Decline in sales, increased property taxes behind Walgreens exit, company leadership says
For nearly a year, many residents remained confused about Walgreens decision to close up their only remaining Harvey location.
A decline in sales, foot traffic, and prescription volume, coupled with prescription reimbursement pressures (refunds) and increased property taxes, were a few reasons behind the Walgreens exit from the city’s busy 147th Street and Halsted Street corridor, company officials told the Harvey World Herald.
Walgreens exited from Harvey in March 2021, a decision met with ire from both residents and city officials. The exit left a 1.25 acres vacancy on one of the city’s commercial strips.
Fraser Engerman, the Senior Director of External Relations for Walgreens, said company leadership notified the Mayor’s office and other city officials of an anticipated exit Friday, February 26th, 2021, and the store officially closed the following month.
“We understand this will have an impact on our customers and are making every attempt that customers have access to prescriptions and COVID-19 vaccinations,” said Engerman.
The store was a fixture in the community, operating for more than 30 years. Following the closure of a location on 159th Street and Wood Avenue, it was the only Walgreens left in Harvey. Residents expressed confusion about the exit at the time and for nearly a year have criticized city officials for radio silence regarding details behind the closure.
Files at the Harvey location were automatically transferred to the location in nearby Dolton, and customers received a letter in the mail about how to transfer their prescriptions, said Engerman. He also indicated all 10 team members were offered positions at other locations.
In 2019, Walgreens announced in a filing with the Securities and Exchange Commission plans to close 200 locations nationwide.
In the summer of 2020, officials watched with alarm as looters tore through Walgreens, a long-time tenant on 147th Street and Halsted. They smashed the store’s windows. Social media images of the damaged Walgreens showed the store boarded up with plywood. The store was temporarily closed for renovations and later reopened mid-June.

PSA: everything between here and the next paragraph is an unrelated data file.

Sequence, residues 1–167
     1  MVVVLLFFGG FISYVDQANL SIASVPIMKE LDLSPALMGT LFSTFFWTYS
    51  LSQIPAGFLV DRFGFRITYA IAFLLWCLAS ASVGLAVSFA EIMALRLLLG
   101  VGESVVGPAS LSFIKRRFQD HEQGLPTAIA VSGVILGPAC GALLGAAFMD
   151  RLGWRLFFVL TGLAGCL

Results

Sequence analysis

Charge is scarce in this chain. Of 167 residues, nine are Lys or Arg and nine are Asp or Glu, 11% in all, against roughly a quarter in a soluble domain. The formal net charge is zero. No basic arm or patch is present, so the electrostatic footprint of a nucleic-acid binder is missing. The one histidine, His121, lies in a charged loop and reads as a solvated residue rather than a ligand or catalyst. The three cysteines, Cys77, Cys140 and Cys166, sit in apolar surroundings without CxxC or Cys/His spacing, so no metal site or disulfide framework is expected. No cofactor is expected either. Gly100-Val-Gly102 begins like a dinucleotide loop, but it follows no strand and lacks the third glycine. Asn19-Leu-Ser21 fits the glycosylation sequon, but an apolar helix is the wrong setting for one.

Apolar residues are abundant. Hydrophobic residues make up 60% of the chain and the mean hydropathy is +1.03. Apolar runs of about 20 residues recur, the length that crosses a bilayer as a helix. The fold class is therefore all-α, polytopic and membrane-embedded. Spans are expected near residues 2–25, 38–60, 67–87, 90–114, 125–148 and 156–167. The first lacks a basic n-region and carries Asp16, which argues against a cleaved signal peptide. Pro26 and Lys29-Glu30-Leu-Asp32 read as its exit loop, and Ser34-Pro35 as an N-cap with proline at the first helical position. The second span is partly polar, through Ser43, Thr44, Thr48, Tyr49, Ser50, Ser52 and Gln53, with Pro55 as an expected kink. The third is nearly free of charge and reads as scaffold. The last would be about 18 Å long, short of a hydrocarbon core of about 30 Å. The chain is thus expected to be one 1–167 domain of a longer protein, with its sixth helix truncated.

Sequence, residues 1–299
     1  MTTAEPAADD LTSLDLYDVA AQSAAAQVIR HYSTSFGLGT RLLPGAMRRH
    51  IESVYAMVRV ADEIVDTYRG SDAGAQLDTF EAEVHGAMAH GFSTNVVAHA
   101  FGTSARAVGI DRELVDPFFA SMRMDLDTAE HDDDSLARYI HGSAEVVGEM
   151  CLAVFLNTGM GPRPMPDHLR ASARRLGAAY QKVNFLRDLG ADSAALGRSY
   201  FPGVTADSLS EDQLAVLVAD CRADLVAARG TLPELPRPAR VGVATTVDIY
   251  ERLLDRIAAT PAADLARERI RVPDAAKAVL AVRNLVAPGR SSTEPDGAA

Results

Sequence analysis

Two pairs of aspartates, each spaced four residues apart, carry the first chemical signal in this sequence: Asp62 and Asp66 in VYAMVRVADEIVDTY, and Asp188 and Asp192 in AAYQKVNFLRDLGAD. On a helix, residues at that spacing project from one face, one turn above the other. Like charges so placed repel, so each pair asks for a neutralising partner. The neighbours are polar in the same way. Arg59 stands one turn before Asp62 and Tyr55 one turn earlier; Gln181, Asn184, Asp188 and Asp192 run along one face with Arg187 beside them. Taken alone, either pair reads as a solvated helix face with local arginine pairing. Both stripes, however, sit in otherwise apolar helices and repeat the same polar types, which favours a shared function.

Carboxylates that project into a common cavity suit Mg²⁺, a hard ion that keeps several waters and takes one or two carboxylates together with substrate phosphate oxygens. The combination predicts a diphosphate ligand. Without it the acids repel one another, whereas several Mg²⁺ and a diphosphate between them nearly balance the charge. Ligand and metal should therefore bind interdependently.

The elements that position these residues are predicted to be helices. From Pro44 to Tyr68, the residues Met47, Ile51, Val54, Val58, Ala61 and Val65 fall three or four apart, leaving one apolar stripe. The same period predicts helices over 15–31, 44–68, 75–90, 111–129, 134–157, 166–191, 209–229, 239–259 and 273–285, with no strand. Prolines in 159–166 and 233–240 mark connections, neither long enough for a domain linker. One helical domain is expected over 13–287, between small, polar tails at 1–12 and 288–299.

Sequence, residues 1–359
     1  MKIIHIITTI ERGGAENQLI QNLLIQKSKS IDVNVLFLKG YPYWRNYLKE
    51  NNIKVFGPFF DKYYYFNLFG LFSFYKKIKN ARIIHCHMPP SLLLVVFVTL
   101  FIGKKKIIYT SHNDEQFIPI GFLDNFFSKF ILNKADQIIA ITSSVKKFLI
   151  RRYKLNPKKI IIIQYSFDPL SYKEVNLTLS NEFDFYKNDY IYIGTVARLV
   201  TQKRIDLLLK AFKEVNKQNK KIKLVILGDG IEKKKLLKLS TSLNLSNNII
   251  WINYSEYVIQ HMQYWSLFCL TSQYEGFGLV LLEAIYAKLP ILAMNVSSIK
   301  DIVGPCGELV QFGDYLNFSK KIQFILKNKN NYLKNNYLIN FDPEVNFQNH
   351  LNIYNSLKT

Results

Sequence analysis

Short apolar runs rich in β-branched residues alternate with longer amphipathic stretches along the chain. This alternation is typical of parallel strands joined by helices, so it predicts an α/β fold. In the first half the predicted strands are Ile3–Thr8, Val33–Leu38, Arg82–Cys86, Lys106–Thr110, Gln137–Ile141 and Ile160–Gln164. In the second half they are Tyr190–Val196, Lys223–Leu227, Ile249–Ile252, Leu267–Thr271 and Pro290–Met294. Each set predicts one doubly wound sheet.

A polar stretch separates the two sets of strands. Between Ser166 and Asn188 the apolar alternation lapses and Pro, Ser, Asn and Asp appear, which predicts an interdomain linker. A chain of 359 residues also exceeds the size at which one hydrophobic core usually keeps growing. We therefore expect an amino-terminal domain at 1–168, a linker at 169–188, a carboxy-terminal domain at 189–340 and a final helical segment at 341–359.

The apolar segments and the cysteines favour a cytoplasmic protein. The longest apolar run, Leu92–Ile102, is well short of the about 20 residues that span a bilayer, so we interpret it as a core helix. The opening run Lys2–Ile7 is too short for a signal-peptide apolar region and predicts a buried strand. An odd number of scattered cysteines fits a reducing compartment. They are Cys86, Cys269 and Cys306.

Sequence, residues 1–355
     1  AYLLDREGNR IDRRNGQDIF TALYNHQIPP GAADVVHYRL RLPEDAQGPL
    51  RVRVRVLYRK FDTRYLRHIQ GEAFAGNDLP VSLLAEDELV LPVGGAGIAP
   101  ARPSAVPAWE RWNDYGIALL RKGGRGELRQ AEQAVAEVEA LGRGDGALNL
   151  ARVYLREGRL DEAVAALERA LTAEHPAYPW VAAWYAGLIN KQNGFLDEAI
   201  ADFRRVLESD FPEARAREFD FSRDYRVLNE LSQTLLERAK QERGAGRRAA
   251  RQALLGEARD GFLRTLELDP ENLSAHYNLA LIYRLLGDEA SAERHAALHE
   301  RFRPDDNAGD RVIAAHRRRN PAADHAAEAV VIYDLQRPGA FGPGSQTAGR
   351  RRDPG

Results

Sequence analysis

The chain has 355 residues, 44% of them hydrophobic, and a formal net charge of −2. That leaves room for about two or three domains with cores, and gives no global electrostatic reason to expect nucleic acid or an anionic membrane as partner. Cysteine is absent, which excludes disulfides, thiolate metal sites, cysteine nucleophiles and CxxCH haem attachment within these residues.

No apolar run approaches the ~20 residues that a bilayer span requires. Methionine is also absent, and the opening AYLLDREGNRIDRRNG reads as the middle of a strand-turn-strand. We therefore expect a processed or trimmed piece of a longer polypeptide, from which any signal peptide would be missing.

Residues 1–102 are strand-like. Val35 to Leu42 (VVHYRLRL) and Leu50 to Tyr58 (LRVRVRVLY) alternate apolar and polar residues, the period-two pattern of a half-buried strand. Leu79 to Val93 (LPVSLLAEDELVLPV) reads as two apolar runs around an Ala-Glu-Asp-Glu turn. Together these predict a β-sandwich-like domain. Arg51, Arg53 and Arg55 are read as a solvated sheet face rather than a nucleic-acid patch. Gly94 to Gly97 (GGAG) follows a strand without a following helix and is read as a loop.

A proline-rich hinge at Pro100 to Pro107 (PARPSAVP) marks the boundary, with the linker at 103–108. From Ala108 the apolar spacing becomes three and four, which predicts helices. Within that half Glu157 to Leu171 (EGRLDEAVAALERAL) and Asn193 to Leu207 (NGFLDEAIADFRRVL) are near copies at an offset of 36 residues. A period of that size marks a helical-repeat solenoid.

The city imposed a curfew in an effort to stop the looting. Alderman Tyrone Rogers (6th) said he was across the street when the looting took place, and believed the looters were not Harvey residents but rather outsiders because their cars did not have license plates.
According to the City of Harvey Facebook page post from June 5, 2020, Mayor Christopher J. Clark spoke with company representatives, who indicated the store would not be shuttered for good as a result of rampant looting.
While commenters praised the decision not to leave following the destruction, some also expressed grievances about the storefront:
“Please instruct Walgreens to make this store safe, and to clean up the lot!! In the past I have avoided this store because of the people there asking for money and begging at the door.”
Another commenter asked for local police to deal with the matter:
“Good to hear now have Harvey police stop people from begging outside.”
The location was also the sight of a police shooting. In the fall of 2020, an Illinois State trooper shot and killed a man during a traffic stop directly in front of the store after an alleged struggle over a firearm. The car crashed into a bus stop directly in front of the Walgreens parking lot. The family of Darren Green, Jr., the man shot, filed a lawsuit against Illinois State Police and troopers alleging Green did not have a firearm and wanted the state trooper criminally charged.